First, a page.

Probably My Only Post Ever On “Obamacon-ism”

October 31, 2008

They wrote more, and they’re both more nuanced and thoughtful than the excerpts might make them seem, but it’s worth looking at these two quotations:

Joe Carter:

“If people want to vote for Obama, for whatever reason, that is their decision to make. But let’s not play along with the delusion that their reasons for doing so are because they are attempting to be consistent with their conservative principles.”

Daniel Larison:

“As I said yesterday, the most credible pro-Obama argument that can be made is that the GOP must be held accountable and Obama is not McCain, but I still don’t think that is a persuasive case for casting a vote for Obama, much less urging others to do likewise.”

I don’t really know where I fall on this spectrum, because even before 2006, I wanted Obama to run even if there was no chance he would win—the refresher would be worthwhile. And since it wasn’t until the middle of the primaries that I came to terms with my changing political self-labelling—and since I have some sort of weird republican (note the little-R) principle against Bush-Clinton-Bush-Clinton, it wasn’t that hard to keep preferring him to her—I was kind of an Obamacon by default.

I also have the ease of being registered in Kentucky, which isn’t going to be within ten points unless the polls are wrong or McCain announces that he preferred Hanoi to Washington, so my vote for Barr put no strain on my conscience. But I’m still technically an Obama supporter, because I’d prefer his victory to McCain’s. This is partly because I trust him more on foreign policy, partly because of other reasons Larison and Carter rattle off, but it does have quite a bit to do with what Andrew, Esquire, and Garry Wills all had to say lately.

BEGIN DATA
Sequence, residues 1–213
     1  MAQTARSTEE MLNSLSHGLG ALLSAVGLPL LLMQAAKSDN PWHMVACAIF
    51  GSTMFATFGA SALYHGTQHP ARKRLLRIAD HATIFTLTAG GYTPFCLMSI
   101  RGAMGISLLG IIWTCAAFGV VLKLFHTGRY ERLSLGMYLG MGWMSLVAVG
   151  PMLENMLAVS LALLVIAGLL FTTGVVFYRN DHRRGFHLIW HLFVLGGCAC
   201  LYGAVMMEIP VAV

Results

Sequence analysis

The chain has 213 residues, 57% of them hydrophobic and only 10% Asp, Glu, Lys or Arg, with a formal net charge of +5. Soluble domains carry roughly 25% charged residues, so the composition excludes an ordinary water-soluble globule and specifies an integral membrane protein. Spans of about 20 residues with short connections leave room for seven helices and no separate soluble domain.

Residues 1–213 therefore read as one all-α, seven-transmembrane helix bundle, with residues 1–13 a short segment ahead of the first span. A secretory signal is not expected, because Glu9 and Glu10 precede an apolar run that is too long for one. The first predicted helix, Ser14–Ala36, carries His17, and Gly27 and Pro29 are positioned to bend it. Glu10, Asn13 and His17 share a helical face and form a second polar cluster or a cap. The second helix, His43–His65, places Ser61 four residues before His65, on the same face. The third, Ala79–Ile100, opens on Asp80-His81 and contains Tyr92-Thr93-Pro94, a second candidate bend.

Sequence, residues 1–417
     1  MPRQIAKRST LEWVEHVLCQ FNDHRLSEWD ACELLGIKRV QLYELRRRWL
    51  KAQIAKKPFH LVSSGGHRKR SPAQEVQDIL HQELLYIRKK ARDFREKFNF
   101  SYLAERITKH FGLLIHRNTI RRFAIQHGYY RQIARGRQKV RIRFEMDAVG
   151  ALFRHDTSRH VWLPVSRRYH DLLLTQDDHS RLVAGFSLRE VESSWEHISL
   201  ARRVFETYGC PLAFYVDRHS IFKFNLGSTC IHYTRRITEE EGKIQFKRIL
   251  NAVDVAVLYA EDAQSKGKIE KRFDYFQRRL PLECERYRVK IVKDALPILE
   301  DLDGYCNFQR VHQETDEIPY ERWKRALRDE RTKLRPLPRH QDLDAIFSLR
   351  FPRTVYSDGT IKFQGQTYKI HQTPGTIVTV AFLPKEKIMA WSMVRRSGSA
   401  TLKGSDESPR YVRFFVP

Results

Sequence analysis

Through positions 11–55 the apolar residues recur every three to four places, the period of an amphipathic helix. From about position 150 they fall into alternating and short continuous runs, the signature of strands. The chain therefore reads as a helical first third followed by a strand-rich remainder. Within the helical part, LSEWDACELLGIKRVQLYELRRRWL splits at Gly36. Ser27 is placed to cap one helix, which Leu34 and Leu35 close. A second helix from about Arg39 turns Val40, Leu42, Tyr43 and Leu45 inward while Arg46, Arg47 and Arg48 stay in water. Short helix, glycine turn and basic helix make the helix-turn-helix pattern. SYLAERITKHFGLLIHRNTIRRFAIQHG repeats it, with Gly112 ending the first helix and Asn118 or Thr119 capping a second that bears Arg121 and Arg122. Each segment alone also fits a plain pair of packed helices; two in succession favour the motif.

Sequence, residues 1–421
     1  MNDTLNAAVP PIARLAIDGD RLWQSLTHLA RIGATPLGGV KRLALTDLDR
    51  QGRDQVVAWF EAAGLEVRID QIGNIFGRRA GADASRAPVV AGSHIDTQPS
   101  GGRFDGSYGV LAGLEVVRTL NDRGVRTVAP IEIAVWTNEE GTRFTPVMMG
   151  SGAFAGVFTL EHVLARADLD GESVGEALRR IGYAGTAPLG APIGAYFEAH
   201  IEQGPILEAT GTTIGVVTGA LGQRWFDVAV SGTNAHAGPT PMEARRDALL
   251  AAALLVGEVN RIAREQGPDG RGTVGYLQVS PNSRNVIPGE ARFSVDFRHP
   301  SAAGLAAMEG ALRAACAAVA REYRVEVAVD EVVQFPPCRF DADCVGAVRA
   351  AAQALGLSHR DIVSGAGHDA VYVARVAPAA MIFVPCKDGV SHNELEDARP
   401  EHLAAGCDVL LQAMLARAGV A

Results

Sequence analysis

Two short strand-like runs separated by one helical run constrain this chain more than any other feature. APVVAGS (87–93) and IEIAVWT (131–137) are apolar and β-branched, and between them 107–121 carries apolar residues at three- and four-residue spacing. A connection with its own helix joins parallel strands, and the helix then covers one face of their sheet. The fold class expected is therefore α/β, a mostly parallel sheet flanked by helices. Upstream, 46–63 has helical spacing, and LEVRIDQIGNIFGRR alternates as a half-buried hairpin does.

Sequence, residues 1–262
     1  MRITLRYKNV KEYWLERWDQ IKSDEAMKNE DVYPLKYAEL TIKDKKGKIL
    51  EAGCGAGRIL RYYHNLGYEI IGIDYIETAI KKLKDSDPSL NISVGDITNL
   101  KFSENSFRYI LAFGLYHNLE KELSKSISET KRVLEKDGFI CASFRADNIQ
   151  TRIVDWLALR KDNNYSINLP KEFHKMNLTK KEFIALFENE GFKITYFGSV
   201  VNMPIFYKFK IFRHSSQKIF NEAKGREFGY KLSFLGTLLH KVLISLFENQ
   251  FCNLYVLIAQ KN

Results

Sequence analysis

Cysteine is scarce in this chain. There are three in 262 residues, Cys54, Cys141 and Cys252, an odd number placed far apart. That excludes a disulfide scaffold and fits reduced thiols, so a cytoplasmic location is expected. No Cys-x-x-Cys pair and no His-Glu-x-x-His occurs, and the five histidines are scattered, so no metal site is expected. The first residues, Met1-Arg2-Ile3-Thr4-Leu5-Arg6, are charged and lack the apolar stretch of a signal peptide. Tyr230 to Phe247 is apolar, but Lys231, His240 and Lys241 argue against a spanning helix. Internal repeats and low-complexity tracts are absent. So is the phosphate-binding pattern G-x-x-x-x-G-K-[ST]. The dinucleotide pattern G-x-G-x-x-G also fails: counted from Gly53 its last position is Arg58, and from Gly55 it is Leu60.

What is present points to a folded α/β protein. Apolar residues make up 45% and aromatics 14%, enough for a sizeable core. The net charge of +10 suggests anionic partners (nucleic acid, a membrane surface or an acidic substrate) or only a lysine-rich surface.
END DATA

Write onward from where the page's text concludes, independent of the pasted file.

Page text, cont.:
I don’t totally trust either candidate on Executive power issues. Let’s be frank—neither candidate is going to shrink the federal government any. The power it claims is probably going to remain about the same in total, just centered in different areas. But I trust McCain less—ever since his vote against banning waterboarding, I’ve been increasingly skeptical of his willingness to take on those parts of the GOP that believe in the acceptability of a “Unitary Executive.”

It’s not that I think McCain favors the Bush-Cheney policy on this. I just don’t think he’s going to be willing to do battle with his own party in such a way to clear it out. Before this election, I thought he could and would; but his actions since have made me skeptical. As much as I may be wary of Obama’s plans for health care, those two words scare me more. And if you ask me, he’s the one more likely to clear it out.  He’s certainly the one more likely to appoint justices who don’t buy into the Yoo’s and Cheney’s and Addington’s reasoning.

(I’ll let it be known, though, that if I had it my way, Ron Paul would be on the GOP line and I’d be voting for him; and that if McCain had done things differently—if he’d voted against the Military Commissions Act, or hadn’t come out against amending the CIA Field Manual to ban torture—my thoughts would probably be much different than they are.)

This might all be on my mind because I’m neurotic and my favorite period of history is the collapse of the Roman Republic. Honestly, I hope so, but I just can’t bring myself to act like that’s the case.


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